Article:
So people trust Reagan, Weinberger said, and compared the admiration for his boss to that once given President Eisenhower.

Weinberger's prepared remarks here were laced with sharp attacks on the Soviet Union, from whose "secret depth arises a threat to our liberty unlike any we have ever seen," he said. The Pentagon chief talked of Soviet "changes in leadership that result from internecine power struggles held behind tightly sealed doors with men's very lives often at stake."

Weinberger talked of "that grim land with its economic problems and shortages of grain" that, since 1973, has increasingly used diplomacy, military aid, proxies, support of terrorism and invasion to make gains overseas.

"The Russian defense buildup that now threatens this country," he told the Legionnaires, "was done during, and despite, the period called detente and the attempt to limit arms by treaty." Those steps restrained only us, not the Soviets, he asserted.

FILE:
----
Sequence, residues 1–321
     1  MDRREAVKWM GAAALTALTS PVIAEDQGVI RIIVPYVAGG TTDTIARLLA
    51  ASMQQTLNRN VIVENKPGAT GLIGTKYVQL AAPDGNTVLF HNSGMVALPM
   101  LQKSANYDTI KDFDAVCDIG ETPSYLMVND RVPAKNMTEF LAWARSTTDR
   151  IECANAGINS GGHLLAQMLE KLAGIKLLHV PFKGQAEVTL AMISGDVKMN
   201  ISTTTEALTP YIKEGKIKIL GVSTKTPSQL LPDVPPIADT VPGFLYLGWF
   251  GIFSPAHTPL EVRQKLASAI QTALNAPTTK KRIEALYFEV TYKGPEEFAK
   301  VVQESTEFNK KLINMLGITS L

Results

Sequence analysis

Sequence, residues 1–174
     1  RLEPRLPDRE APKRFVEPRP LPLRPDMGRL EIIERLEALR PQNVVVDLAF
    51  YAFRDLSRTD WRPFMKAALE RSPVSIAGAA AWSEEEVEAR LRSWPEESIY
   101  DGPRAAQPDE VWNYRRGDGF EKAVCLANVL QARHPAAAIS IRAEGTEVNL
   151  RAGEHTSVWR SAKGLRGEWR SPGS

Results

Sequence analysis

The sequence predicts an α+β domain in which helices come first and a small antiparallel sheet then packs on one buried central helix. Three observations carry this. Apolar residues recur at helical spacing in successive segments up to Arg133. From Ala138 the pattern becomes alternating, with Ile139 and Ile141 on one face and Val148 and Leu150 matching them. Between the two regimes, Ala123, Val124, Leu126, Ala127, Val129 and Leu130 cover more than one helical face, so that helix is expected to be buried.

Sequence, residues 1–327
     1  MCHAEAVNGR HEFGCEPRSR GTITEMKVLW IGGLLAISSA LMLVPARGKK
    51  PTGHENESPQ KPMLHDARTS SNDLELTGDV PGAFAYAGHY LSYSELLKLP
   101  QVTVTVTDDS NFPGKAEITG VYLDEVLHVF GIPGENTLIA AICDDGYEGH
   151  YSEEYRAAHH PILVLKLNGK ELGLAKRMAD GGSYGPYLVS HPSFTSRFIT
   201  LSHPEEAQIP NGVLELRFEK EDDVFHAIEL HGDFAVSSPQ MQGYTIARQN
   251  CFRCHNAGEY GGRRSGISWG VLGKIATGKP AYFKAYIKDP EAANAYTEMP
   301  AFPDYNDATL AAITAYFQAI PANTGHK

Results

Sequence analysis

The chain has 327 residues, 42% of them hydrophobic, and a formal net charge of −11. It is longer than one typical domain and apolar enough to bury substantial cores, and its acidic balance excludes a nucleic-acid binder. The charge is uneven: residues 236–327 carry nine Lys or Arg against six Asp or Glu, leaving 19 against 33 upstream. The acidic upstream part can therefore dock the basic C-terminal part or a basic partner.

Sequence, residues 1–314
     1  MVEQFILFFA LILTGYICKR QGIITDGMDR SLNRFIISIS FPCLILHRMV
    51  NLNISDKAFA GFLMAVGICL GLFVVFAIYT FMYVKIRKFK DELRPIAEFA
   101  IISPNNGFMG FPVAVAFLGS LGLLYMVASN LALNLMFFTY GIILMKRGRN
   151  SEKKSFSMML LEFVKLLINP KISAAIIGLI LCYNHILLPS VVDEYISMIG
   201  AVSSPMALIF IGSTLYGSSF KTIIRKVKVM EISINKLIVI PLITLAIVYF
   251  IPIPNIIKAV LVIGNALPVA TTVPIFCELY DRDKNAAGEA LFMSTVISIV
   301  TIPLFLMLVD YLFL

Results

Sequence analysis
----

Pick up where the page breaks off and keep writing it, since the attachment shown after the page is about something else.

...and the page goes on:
Weinberger said Vietnam inflicted a heavy blow on American youth because it asked them to fight a war "we did not intend to win. I can tell you," he added, "with absolute certainty that President Reagan will never make such an unpardonable demand on the youth of America."

Weinberger said the growth of Moscow's capabilities required a global strategy that could no longer be adequately dealt with or described by such "old slogans" as preparing to fight 1 1/2 or 2 1/2 wars at one time.

"We cannot shape our forces and doctrines as we have in the past solely on the assumption that there would be an initial conventional defense with a quick nuclear escalation and thus an early end to the war.

"Our loss of nuclear superiority makes that unthinkable," Weinberger said.

"So I have instituted the strategic changes necessary to improving our ability to fight a long war, as we may well have to do if we value our freedom.

"These changes mean that we will have to pay more attention to our industrial base, to improving mobilization planning, to mobility for our forces, to air and sea lift and to powerful naval forces," he concluded.